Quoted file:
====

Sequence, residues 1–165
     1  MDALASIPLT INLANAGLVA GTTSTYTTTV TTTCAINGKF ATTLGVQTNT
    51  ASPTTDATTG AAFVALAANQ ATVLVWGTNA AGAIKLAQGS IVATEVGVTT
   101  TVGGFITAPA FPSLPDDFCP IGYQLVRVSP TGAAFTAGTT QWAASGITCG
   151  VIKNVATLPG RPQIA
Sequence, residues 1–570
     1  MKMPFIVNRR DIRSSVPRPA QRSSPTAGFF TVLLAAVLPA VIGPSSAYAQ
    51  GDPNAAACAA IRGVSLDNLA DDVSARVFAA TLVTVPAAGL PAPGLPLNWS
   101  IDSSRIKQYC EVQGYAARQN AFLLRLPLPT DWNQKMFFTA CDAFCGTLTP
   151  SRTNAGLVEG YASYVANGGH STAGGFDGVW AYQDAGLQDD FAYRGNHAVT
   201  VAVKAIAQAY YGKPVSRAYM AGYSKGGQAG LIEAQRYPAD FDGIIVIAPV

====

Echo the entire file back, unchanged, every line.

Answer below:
Sequence, residues 1–165
     1  MDALASIPLT INLANAGLVA GTTSTYTTTV TTTCAINGKF ATTLGVQTNT
    51  ASPTTDATTG AAFVALAANQ ATVLVWGTNA AGAIKLAQGS IVATEVGVTT
   101  TVGGFITAPA FPSLPDDFCP IGYQLVRVSP TGAAFTAGTT QWAASGITCG
   151  VIKNVATLPG RPQIA
Sequence, residues 1–570
     1  MKMPFIVNRR DIRSSVPRPA QRSSPTAGFF TVLLAAVLPA VIGPSSAYAQ
    51  GDPNAAACAA IRGVSLDNLA DDVSARVFAA TLVTVPAAGL PAPGLPLNWS
   101  IDSSRIKQYC EVQGYAARQN AFLLRLPLPT DWNQKMFFTA CDAFCGTLTP
   151  SRTNAGLVEG YASYVANGGH STAGGFDGVW AYQDAGLQDD FAYRGNHAVT
   201  VAVKAIAQAY YGKPVSRAYM AGYSKGGQAG LIEAQRYPAD FDGIIVIAPV